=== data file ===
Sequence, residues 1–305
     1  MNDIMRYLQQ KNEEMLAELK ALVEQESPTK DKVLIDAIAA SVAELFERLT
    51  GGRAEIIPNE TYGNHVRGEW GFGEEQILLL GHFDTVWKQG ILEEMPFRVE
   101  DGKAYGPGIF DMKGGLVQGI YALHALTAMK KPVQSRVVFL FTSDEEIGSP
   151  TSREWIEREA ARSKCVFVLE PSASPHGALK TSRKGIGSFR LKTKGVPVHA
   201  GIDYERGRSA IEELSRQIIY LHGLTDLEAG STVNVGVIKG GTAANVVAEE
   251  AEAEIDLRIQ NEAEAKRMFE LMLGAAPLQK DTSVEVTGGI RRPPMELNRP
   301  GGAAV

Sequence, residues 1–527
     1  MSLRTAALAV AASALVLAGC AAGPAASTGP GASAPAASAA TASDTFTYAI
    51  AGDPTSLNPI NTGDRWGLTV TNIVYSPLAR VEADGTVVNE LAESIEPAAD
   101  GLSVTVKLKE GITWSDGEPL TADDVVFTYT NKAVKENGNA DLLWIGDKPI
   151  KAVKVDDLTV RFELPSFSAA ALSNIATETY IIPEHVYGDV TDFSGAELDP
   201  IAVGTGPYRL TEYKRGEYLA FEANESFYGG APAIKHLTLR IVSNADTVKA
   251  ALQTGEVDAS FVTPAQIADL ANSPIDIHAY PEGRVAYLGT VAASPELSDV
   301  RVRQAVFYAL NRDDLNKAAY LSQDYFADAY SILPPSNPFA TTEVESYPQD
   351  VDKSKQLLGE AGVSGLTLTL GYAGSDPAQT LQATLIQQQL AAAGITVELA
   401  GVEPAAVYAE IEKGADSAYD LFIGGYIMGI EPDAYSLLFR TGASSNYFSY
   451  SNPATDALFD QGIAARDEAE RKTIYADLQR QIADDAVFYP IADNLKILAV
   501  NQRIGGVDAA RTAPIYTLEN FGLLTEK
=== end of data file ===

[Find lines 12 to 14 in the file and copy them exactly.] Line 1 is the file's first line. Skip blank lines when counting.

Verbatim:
   101  GLSVTVKLKE GITWSDGEPL TADDVVFTYT NKAVKENGNA DLLWIGDKPI
   151  KAVKVDDLTV RFELPSFSAA ALSNIATETY IIPEHVYGDV TDFSGAELDP
   201  IAVGTGPYRL TEYKRGEYLA FEANESFYGG APAIKHLTLR IVSNADTVKA